A mysterious fighter aircraft with a foreigner inside fell from the sky. A video compilation has become a headache for China’s internet censors. India cancels tourist visas for Chinese travellers. Chinascope brings you the untold stories from China from the past week.
China over the week
Chinese President Xi Jinping’s jockeying for the unprecedented third term as General Secretary started late last year, but he took another step to secure the position this past week. He was ‘elected’ as a representative to the 20th Party Congress in Guangxi at a meeting in Nanning. The whole process may appear to be largely symbolic, but being elected to the Party Congress doesn’t necessarily secure Xi’s place as the next General Secretary.
Alfred Wu, an associate professor at the Lee Kuan Yew School of Public Policy at the National University of Singapore, said, “This may not mean that his election as the General Secretary is 100 per cent certain, but it is a very firm step.” In 2012, Hu Jintao was elected as a delegate to the 18th Party Congress, but he couldn’t secure the General Secretary role.
But there is no clear successor to Xi, which makes his quest to secure the next term likely to be successful. His campaign to put corrupt Chinese officials behind bars – with the support of his peer Zhao Leji – is going ahead with full steam.
Bad time for officials in China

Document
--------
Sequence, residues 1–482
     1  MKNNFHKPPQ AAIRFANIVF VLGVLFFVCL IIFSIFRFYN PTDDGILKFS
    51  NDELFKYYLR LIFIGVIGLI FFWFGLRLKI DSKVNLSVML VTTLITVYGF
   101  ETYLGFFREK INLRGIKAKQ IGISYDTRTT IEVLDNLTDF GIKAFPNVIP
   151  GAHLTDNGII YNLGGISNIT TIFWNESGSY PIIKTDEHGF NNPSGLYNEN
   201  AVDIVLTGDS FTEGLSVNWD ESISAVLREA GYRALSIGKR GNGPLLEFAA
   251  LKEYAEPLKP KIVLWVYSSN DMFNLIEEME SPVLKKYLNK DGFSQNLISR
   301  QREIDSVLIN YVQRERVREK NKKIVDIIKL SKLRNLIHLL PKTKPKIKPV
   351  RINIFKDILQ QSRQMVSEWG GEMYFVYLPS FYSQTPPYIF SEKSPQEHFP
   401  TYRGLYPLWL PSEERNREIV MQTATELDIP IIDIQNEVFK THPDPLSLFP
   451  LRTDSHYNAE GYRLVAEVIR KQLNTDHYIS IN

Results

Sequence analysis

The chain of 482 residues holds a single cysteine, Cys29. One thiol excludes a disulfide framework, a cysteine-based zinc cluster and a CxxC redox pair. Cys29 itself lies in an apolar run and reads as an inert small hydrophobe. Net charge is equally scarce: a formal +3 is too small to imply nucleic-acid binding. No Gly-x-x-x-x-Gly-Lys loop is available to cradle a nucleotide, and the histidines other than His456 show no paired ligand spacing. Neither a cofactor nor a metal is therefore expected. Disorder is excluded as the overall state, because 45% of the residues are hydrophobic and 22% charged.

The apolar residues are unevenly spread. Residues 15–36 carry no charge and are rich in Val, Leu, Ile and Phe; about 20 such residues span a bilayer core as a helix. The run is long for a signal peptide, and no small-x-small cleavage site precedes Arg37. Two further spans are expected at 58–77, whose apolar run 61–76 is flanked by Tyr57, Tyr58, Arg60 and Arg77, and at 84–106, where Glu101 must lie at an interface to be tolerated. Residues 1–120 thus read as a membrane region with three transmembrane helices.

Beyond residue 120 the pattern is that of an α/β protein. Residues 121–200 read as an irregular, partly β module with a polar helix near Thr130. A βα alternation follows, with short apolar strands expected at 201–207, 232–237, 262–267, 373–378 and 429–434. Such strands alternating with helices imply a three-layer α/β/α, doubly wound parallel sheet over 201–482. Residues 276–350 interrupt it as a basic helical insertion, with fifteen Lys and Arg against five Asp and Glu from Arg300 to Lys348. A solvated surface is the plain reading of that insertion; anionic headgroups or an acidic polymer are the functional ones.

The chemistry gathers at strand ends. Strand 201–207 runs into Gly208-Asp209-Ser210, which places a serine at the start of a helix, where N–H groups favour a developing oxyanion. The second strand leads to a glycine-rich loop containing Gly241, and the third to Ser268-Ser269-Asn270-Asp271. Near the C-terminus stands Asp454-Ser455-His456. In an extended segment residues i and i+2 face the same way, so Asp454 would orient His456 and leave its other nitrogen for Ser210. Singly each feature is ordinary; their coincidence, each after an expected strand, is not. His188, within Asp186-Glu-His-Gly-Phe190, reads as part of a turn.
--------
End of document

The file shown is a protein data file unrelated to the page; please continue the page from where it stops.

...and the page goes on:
On Friday, the Central Commission for Discipline Inspection said that the former president and chief executive of China Merchants Bank, Tian Huiyu, was under investigation. Earlier in the week, Tian was removed by the bank’s board from his position.
Last September, Xi Jinping launched a round of inspections into China’s largest State-owned financial institutions and investment funds over their lending practices. Being an accomplished and influential official in China can get you into trouble nowadays.
A mysterious aircraft fell from the sky in the Anhui province, and videos of the crash were shared widely on Chinese social media. It was identified as an L-15 Falcon trainer fighter jet (also known as the JL-10). Some have speculated the location to be the Henan province instead.
Two training fighter pilots were seen in the video, and one of them appeared to have an “Eastern European appearance”. Some Chinese social media users commented that the pilot was Russian. Hongdu L-15 Falcon is a supersonic advanced jet trainer used for various training activities. The social media users speculated the aircraft belonged to the Fourth Regiment of the People’s Liberation Army Air Force (PLAAF). The fighter jet has a Russian connection. Russia’s Yakovlev Design Bureau helped in the manufacturing of the L-15 jet.
Training a non-Chinese pilot – most likely a Russian – at the height of the Russia-Ukraine war has started various speculations about coordination between the two armies.